I’m a Millennial. (I scored 34/100 on the Pew Research Center “How Millennial Are You?” Quiz., so maybe not that Millennial.) And despite what you may have heard about us, we’re not all spoiled brats who don’t value hard work. But one thing that almost of all us do value: high-speed Internet. I use it for everything: reading news, social networking, watching television, listening to music, talking to my family/friends in another country, and much more.
We first got the Internet at home when I was in fifth grade (this would be 1998 or so). We had dial-up, and we all shared an email address. Conveniently, that address was email@example.com. It was slow, I’m sure, but I don’t recall the slowness because it was all so new and I didn’t have anything with which to compare it, although I do recall counting to ten while waiting for certain pages to load. Also: lots of chain emails about BSB vs. ’N Sync. In high school, we got DSL. DSL was amazingly fast back then! Of course, I rarely did anything on the computer but use Yahoo!Messenger to chat with my boyfriend. Oh, and do my homework, of course.
Then came college. Internet was fast and cheap (if not free). The whole campus was connected to wifi: inside, outside, even down in the library basement. Ah, the good old days.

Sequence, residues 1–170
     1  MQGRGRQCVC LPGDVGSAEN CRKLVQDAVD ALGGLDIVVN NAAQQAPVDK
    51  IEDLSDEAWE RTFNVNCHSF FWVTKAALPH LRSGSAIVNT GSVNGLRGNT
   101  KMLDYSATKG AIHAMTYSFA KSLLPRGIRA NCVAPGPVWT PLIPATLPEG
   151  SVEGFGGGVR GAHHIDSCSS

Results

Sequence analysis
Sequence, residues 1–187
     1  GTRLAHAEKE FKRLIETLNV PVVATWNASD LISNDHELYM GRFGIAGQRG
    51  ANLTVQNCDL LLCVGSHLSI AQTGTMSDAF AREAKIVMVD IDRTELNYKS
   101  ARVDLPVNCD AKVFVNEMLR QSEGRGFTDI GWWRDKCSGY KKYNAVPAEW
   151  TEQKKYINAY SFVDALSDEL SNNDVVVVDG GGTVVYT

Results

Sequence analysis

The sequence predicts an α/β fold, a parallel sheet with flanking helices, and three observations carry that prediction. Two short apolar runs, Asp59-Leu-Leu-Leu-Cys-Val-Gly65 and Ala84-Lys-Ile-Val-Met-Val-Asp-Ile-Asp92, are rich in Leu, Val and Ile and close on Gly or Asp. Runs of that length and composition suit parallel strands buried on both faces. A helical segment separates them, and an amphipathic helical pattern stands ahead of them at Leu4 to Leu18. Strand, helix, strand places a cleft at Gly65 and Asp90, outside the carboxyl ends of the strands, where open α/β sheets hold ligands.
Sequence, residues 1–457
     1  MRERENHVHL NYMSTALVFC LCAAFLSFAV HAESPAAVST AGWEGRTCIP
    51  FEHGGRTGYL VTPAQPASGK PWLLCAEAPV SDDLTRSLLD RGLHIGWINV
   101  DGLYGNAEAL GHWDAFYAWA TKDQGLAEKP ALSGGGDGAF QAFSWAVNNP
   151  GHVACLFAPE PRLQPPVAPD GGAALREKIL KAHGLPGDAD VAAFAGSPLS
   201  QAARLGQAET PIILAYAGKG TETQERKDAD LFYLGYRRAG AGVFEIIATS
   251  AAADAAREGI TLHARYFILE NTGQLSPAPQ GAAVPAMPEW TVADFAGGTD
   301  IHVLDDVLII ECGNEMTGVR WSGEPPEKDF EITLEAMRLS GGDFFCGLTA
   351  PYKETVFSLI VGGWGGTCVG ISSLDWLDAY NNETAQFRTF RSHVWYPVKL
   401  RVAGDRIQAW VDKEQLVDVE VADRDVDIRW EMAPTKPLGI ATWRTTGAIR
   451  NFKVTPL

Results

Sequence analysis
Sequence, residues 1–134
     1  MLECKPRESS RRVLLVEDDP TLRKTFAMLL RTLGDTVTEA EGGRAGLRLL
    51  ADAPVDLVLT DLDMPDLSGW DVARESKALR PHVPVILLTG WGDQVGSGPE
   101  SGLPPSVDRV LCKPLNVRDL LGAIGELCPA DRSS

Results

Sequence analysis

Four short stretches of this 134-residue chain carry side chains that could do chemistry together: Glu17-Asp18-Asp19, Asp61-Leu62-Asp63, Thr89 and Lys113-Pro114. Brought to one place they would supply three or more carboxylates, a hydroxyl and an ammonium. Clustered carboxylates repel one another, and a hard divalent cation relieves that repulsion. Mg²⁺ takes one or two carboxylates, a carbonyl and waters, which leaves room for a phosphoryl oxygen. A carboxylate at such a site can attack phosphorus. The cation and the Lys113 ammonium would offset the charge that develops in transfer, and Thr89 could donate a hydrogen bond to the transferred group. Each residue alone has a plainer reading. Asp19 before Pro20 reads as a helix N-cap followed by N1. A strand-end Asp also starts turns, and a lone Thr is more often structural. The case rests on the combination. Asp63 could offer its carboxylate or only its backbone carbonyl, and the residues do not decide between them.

Leaving the land of fast, free Internet for my second venture to Spain in 2009
My first encounter with Spanish Internet was while studying abroad in Toledo. My friend had warned me that the Internet at the residence was abysmal, so I went in with low expectations. But these low expectations had to be lowered as well. The Internet worked about 50% of the time, but I never knew when or where to place myself in the building so that it would work. Skype conversations were all but impossible. I counted myself lucky, though, because most students lived with host families who—gasp!—didn’t even have Internet! To my “spoiled” self, not having Internet in 2008 was just weird. I mean, I could understand if you were 70+. But young university students all living together? That was just foreign to me.
Nowadays, in 2012, it seems to me that having Internet and Wi-Fi at home is much more common than it was just four years ago, in 2008. But it’s still way slower than I’m used to. Most people still have DSL. It’s not slow, but it’s not like the cable Internet I was used to in the States.
Another thing I don’t get: we live in Madrid, a large, cosmopolitan city with over three million residents. And only two companies could actually install Internet in our home: Movistar and Orange. No Jazztel, which everyone tells us to is the best offer. Nope, no such luck. I hadn’t heard good things about Orange, and Movistar is basically a monopoly, and who doesn’t love Monopoly? Thus, we chose Movistar. However, we found out that their DSL would only be able to provide us with an Internet speed that’s slow as molasses—and yes, that’s the technical term. So we’re (rather reluctantly) making the upgrade to fibra, fiber-optic Internet, which is indeed fast, but also expensive. But we’ve been waiting on them to come and upgrade for a week, and there have been no calls. Patience, patience …
In the meantime, I’m enjoying the molasses.